The clause has yet to be accepted by the edtech company, and lenders want updates on the company's cash status every two weeks. Byju has around Rs 1,500 crore in liquid assets in India and $650 million in foreign accounts.
To restructure Byju's $1.2 billion (Rs 9,600 crore) term loan B (TLB), which is currently being reviewed, Byju's lenders have demanded up to $200 million (roughly Rs 1,600 crore) in prepayment as well as a higher rate of interest from the Bengaluru-based company.
However, according to the persons, despite Byju's offer to increase the interest rate by 200 basis points (bps), it has yet to agree to the prepayment condition proposed by the lenders, which includes several US-based hedge funds. One-hundredth of a percentage point is called a basis point.
Byju Raveendran, the company's creator, has promised to raise the loan interest rate by 200-300 basis points, according to a March 20 article from ET. The company's delayed publication of its audited financials was the impetus for the renegotiation.
Byju didn't make its results for the fiscal year that ended in March 2022 public until last year, after an 18-month delay. "The prepayment is becoming a sticking point in discussions since some lenders aren't cooperative.
However, it's feasible that the lenders would eventually agree to lower the prepayment amount, according to one of the people who wished to remain anonymous.
New financing to restructure some loans
Byju may use its new capital round to restructure some of its TLB debt. However, the number could be smaller, according to a different person with knowledge of the discussions.
"A prepayment of $200 million was discussed, but it might end up being less. The company is prioritizing its funding arrangement to refinance part of its debt, according to a person close to Byju who spoke anonymously. However, discussions remain ongoing.
According to the people, the lenders also requested that the corporation produce fortnightly reports on its financial status. According to those briefed on the situation, Byju now has $650 million in its offshore accounts and roughly Rs 1,500 crore (almost $183 million) stashed in liquid money in India.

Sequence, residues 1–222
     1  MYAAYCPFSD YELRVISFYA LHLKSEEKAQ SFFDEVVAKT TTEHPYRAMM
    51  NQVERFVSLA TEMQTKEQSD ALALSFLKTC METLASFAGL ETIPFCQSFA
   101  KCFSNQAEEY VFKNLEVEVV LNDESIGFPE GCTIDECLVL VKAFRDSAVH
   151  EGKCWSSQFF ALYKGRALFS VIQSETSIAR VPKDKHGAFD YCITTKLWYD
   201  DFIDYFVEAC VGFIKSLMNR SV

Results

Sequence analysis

Byju is also close to concluding a $600-700 million investment round using a combination of convertible notes and equity. Both new and current donors are anticipated to contribute to this financing round.
A business can purchase short-term debt that converts to equity through convertible notes without giving the business a new valuation. Typically, these investors receive a discount on the subsequent investment round or a public offering.
According to the above source, most of the additional capital is anticipated to be raised through equity financing at the same $22 billion valuation. The remainder comes from convertible notes connected to a potential liquidity event.
The person added that the firm's cash position has been stable for the previous few months. "Lenders have engaged investment bank Houlihan Lokey while Byju's has appointed Rothschild & Co as an advisor to steer the negotiations," the source said.
This has reassured the lenders that the company can continue operating without depleting its reserves. According to a second individual knowledgeable of the situation, Byju's had hoped to finalize the new agreement for its TLB by the end of March. Still, negotiations over some previously mentioned conditions have caused a delay.
At the moment, Byju is worth $22 billion. It was reported that it had completed a $250 million investment round at the same valuation in October of the previous year.
According to a third source familiar with the discussions, Byju is "finalizing the round after months of negotiations amid constant scrutiny on its corporate governance practices, in addition to enforcing cost-cutting measures to stem the loss."
The Edtech company's losses for 2020–21 increased from Rs 262 crore to Rs 4,588 crore. The company's readjusted operating revenue was Rs 2,280 crore, a dramatic 48% decrease from the predicted operating revenue of roughly Rs 4,400 crore stated in the parent company Think & Learn Pvt Ltd's unaudited results.
Think & Learn Pvt Ltd is the business that owns and operates Byju's brand.
CFO appointment and valuation reduction
Ajay Goel, a former executive with the Vedanta group, was recently named Byju's new chief financial officer. The appointment's timing is essential since Byju must conclude talks for its $1.2 billion TLB, one of the most significant loans obtained by an Indian company.
Goel will collaborate on strategy creation, capital planning, and financial analysis with the founders and senior executives. Raveendran said that his strategic thinking and financial acumen would be instrumental in helping them create even more value for our stakeholders," on April 3.
One of Byju's investors, BlackRock, has reduced the value of its interest in the company by about 50% to just over $11 billion, ET had previously reported. This is a symptom of values relaxing in the face of challenging macroeconomic conditions and a restart in the edtech industry following the slowdown in Covid-19's spread.
Byju's new funding would be invested in already-existing companies like Aakash Institute and Great Learning, even if it has halted advertising for its coding division. WhiteHat Jr will be purchased in a $300 million deal in 2020.
It had invested about $2 billion in acquisitions by 2021 to expand its K–12, exam preparation, and higher education offerings. Currently, WhiteHat Jr. makes up less than 10% of Byju's total revenue.
I enjoy marketing, technology and business. I help businesses and brands connect with their ideal customer profiles and build products that excite them and solve their problems.